Are there other problems?
There are numerous other important factors contributing to the ills of the US healthcare system. Some of these include our litigious society which places strong incentives on physicians to order imaging studies and lab tests to protect themselves from lawsuits. Also, physicians that are employed by hospital systems are strongly encouraged or even mandated to order much higher cost lab tests, imaging studies, and procedures from their own systems which may cost 4 times more than an identical service performed by a non hospital competitor. Hospitals, though, must to resort to such tactics as much needed revenue sources in order to survive. One of many reasons is that hospital ERs must provide care to the indigent who visit the ER and absorb the significant legal and financial burdens. In return, the government granted price advantages to hospitals, paying them more than they would to an outpatient facility offering an identical service.. Moreover, state governments have created anti competition laws referred to as certificate of need (CON) laws that cripple or altogether eliminate competition and allow hospitals to create high priced monopolies in some markets. The “free” care provided through the ER is many times more expensive than it should be and ultimately increases the cost of healthcare for everyone. Hindering competition and paying high prices to hospital based providers is a poor, indirect solution to the difficult problem of making care available to those who cannot afford it.
Is there any hope?
The power of market capitalism power to drive innovation and reduce costs has been the key to our success in most systems outside of healthcare. To have great affordable healthcare and stay competitive as a nation, we need a system with incentivised, educated consumers in an open market with price transparency. This can only happen when individuals, not employers, pay for their health insurance just like they pay for their own car insurance and home insurance – and just like they pay for their own televisions and food. Companies will be free of the strange burden of providing benefits to employees, allowing them to focus on those things that are vital to their success. At the same time, individuals will no longer be locked in. They will be free to move between jobs without losing coverage and will have greater control over their healthcare. With empowered individuals and choices, a market will be free to develop. This critical shift will be possible if the tax deductions for healthcare coverage are granted to individuals, not just to corporations, or if they are stopped altogether.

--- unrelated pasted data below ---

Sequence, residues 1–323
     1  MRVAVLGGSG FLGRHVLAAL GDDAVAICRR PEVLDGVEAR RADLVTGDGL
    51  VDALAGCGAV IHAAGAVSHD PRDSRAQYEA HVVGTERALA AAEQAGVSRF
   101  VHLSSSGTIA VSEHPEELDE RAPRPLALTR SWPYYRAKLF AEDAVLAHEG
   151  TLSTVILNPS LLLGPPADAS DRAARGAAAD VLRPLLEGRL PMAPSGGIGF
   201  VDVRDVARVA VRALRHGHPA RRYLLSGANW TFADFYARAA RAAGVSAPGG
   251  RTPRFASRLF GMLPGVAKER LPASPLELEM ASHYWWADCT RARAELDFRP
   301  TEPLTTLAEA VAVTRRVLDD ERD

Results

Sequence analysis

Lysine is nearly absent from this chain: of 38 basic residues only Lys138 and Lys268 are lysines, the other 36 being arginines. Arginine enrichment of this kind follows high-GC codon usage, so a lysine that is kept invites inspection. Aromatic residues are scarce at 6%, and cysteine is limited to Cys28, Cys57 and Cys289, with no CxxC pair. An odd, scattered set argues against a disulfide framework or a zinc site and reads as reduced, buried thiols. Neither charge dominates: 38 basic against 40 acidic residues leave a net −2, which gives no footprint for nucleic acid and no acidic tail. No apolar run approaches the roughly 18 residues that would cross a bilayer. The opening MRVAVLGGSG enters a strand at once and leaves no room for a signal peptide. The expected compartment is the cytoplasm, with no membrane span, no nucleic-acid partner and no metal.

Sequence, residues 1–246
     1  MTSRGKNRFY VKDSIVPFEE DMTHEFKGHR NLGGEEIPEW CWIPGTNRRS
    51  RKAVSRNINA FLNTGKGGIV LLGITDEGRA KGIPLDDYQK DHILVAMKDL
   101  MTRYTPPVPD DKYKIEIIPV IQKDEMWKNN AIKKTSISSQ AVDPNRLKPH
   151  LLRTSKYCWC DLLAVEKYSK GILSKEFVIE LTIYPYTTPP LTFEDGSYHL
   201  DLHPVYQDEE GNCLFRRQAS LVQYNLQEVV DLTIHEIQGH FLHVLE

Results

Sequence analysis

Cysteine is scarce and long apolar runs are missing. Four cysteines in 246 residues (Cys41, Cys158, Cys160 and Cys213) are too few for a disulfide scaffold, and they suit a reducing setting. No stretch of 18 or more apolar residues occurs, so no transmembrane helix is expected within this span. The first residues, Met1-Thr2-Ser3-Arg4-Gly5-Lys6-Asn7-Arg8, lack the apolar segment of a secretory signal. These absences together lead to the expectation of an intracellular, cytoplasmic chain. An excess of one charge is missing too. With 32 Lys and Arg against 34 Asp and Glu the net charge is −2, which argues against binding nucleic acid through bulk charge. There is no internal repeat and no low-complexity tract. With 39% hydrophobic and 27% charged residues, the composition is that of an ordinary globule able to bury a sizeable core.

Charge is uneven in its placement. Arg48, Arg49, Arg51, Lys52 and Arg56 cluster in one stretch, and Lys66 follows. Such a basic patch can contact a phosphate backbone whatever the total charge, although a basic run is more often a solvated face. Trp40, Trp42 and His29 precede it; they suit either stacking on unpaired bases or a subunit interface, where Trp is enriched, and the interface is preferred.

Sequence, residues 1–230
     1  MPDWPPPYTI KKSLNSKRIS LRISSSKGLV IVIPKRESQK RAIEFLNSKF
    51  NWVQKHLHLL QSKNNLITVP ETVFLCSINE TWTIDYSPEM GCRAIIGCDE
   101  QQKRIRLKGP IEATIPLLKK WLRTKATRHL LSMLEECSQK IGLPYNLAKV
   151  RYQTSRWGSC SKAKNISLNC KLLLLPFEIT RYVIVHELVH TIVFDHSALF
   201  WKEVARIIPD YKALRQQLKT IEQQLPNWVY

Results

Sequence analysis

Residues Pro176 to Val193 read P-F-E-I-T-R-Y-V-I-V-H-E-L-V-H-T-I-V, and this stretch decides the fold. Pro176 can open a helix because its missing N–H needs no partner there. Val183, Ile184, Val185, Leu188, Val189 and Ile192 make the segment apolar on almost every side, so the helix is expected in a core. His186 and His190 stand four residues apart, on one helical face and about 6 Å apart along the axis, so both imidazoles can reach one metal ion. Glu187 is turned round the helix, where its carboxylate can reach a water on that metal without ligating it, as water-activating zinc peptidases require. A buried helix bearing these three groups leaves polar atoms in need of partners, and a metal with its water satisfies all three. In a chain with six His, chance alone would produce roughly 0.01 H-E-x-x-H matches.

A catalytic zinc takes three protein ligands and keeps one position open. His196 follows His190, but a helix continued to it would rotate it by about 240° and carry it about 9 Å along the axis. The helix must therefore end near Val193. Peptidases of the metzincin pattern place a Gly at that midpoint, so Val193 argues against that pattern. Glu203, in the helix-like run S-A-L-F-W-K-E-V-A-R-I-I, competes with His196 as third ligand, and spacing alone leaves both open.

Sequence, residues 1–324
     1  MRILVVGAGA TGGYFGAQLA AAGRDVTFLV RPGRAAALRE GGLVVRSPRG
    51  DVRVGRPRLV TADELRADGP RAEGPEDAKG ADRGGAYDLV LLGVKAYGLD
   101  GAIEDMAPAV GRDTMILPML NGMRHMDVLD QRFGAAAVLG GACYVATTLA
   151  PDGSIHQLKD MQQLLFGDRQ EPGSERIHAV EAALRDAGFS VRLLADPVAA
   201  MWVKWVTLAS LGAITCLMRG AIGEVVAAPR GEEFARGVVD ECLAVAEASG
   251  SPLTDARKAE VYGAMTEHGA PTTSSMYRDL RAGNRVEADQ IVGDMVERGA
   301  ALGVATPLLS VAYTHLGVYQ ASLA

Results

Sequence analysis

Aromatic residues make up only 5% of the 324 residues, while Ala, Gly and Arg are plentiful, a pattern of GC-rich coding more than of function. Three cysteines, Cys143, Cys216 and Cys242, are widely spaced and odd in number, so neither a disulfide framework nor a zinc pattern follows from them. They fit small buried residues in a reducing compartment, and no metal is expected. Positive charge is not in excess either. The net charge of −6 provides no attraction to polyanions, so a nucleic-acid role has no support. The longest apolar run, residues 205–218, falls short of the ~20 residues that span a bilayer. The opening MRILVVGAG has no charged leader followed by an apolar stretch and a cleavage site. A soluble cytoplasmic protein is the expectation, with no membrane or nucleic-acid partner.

The second change is to use health insurance only for catastrophic events. All transactions under a given dollar amount should not be processed through insurance nor counted towards a deductible amount. Cutting the expensive bureaucracy out of so many smaller health related transactions would simplify the lives of patients and providers alike and make the catastrophic plans much more affordable. The end users, now paying for most of the bills would only seek medical care when it is truly needed, decreasing utilization. When they did require care, they would be incentivised to shop from an evolving array of options which would become less expensive over time.
With anti competition laws and price advantages removed, all service providers would be free to compete on a level playing field. Hospitals may find it best to focus on providing high level care to those patients requiring hospitalizations and major surgeries and leave the less critical care to the smaller entities that can deliver it more efficiently.